Archive for Cycling

The White Rim

// October 4th, 2012 // No Comments » // Cycling, Reflections

Nearly twenty years ago I went on a three day off road/climbing adventure in Canyonlands Utah.  The trip was spectacular and all I could think about was coming back to do the trip on my mountain bike.  Well, last week I got the chance to make this 20 year old desire a reality when I finally biked the 100+ mile White Rim trail in a day.  One of the great joys of this day was to spend it with some good friends.  David Baker (of the Mountain Blind Man – he is not blind just in the business of blinds), Gil McCormick of Wheat Ridge Cyclery fame (largest bike dealer in Colorado) and Cole Bangert (National Downhill Mountain Bike Champ – who was there for a race so he drove support for us before his race – what a guy).

The fall weather was perfect and the recent rains had left the trail slightly more packed and a little less sandy than it would ordinarily be.  We began the day with a climb out of Mineral Bottom camp at 7:20 a.m. riding the loop in a clockwise direction.  There are arguments as to which way is the best way to do this ride and I can see the merits to both, my only suggestion would be to begin early, start with a climb, and bring tons o’ water.  One last word – Chamois Buttr.  While not super technically challenging I did find the grind of a long, rocky, sandy day of mountain biking to wear on my mind as well as my hind.

Why?

I think when we challenge ourselves with such endeavors and surround ourselves with good people that we can trust, we discover that we can go further, faster, and have more fun doing it than perhaps we thought possible.  At the end of the day we can feel good about ourselves for having invested in possibilities and having persevered to accomplish a life goal.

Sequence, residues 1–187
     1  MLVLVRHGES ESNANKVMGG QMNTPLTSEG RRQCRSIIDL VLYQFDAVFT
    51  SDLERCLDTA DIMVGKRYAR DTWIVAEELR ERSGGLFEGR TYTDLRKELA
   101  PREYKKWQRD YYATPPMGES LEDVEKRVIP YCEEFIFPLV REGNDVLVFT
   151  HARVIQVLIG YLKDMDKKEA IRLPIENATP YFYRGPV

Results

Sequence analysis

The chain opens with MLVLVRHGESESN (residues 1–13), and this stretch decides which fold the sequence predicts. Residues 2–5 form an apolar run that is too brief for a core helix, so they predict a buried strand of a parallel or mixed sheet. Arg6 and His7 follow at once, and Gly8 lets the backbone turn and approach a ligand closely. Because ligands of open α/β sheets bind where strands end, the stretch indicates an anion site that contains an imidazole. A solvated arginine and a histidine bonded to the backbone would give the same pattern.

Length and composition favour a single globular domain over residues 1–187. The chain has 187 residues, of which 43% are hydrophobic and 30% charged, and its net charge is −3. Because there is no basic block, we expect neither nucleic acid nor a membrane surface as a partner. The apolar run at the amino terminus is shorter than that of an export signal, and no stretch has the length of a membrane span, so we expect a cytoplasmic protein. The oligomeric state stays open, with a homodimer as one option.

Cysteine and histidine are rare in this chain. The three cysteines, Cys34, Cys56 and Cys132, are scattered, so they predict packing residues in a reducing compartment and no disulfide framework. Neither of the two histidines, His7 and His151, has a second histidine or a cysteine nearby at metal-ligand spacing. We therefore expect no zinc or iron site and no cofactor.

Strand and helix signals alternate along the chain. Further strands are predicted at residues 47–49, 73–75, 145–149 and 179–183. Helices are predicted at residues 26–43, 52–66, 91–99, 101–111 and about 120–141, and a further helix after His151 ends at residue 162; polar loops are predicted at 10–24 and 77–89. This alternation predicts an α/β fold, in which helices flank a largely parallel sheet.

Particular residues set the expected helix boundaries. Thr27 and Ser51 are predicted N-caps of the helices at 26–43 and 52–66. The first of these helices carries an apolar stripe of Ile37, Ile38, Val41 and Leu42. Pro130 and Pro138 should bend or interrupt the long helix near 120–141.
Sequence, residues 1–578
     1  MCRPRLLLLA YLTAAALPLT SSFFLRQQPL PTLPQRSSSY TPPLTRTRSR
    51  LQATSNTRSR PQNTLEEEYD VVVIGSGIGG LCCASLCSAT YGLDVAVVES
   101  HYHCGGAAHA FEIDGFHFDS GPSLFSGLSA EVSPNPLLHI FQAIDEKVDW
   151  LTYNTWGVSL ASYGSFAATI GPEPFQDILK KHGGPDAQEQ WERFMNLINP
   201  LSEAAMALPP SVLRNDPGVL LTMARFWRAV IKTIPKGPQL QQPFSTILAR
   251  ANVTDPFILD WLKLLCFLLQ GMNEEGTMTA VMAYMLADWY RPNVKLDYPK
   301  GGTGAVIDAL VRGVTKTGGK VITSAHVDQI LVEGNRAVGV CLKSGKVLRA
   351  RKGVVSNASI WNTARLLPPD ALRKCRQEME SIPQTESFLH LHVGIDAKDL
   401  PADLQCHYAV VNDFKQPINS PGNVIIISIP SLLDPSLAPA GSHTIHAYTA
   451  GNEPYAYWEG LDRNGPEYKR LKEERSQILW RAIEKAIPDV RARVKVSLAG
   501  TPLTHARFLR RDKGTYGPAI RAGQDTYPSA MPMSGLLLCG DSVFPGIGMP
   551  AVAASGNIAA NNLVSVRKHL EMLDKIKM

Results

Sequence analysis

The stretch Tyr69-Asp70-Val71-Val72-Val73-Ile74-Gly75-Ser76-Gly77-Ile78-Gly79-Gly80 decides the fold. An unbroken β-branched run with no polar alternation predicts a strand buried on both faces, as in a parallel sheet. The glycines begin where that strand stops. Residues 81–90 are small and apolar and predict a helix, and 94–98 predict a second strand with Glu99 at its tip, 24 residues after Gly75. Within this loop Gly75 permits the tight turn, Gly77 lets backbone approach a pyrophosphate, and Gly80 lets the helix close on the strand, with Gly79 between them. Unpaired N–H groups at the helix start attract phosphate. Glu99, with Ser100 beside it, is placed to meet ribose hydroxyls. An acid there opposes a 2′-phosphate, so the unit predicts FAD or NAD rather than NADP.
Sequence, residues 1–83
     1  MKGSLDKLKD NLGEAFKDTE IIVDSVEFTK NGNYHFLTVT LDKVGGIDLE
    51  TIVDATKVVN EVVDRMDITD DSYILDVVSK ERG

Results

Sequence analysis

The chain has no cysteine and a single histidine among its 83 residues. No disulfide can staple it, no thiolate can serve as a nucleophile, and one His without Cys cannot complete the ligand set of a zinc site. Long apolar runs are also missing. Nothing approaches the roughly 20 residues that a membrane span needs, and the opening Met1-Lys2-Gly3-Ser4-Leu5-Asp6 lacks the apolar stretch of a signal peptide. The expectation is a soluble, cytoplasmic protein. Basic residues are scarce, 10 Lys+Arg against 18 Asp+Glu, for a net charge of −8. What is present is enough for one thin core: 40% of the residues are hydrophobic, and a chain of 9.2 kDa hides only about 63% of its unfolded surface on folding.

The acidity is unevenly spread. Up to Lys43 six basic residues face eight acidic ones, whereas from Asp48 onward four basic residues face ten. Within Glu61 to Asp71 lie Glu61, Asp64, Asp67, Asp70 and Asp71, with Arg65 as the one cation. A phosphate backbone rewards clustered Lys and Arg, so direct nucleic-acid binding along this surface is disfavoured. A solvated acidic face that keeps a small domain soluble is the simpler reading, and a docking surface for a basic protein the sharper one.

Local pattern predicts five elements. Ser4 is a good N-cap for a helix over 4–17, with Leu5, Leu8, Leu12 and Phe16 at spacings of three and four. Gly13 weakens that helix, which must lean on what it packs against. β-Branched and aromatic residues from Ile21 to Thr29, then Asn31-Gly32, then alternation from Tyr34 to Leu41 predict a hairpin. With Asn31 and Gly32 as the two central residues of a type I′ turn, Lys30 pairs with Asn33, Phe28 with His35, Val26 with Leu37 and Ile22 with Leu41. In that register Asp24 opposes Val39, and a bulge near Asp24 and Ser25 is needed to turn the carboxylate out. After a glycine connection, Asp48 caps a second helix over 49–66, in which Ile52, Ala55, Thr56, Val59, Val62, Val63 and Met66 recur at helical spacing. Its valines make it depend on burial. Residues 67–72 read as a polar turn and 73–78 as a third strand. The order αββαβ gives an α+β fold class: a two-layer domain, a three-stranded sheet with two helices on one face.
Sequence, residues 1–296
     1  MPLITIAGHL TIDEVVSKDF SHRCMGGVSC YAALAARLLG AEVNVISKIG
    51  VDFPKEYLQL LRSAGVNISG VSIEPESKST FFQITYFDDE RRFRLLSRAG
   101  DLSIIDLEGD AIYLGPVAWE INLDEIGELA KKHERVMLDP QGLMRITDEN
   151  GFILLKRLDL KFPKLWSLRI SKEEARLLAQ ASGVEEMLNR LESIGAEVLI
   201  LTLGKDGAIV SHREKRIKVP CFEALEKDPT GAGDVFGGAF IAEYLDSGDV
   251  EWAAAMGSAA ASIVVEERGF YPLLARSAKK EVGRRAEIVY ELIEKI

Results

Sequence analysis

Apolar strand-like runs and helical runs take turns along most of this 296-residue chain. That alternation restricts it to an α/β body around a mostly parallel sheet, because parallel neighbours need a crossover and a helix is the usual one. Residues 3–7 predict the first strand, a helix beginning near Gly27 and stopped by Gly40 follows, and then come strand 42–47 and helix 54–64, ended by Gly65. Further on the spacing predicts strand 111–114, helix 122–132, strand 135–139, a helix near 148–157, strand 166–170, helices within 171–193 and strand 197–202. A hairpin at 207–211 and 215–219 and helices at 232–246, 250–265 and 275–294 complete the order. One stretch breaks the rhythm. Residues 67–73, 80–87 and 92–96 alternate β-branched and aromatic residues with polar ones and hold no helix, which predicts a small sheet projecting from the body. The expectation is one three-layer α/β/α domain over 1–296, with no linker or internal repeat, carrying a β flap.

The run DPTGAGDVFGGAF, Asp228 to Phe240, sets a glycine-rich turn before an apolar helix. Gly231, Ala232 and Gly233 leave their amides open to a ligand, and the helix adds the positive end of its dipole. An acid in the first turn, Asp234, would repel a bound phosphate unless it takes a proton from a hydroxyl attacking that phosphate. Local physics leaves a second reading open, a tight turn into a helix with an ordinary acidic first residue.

Deflated to Elated

// June 18th, 2012 // No Comments » // Advice, Cycling

The other day I was riding my bike up a rugged, steep, loose, dusty dirt road.  We have had a dry spring and summer which has left the road in a powdery, dry, dusty state forcing us mountain bikers to ride through this moon-dust like dirt sometimes up to two inches deep.  The pace, the hot sun, and the conditions make for a heavy sweat which can quickly soak one’s clothes.  Dripping in sweat I was not too thrilled when I heard that dreaded hissing sound of a tire rapidly going flat.  Dismounting my bike to survey the damage my feet were immediately engulfed in moon-dust and turned a dark brown.  The dust floated up my legs and soon they too were a muddy brown as the dust mixed with sweat.  The sun continued beating down and as I engaged the project of fixing this tire it seemed as though this dust and these circumstances were getting the best of me.  Sitting down and wrestling this tire in the dirt was beginning to look more and more like a mud wrestling match.  Covered in sweaty dirt-mud I looked up to wipe my brow, and as I did saw a fallen aspen timber lying near a small, cool creek with lush green grass all around in the shade of other trees.  “Now that is where I wanna fix a flat!” I exclaimed.  It was not a race so why was I trying to change it right where it happened?  It was time for a change of position.  Grabbing all my gear I picked up and moved thirty feet over to the lush, green, shaded goodness by the creek and propped myself on that sweet smooth log.  Soon the frustration went away and an aggravating ordeal turned into one of pleasure and joy.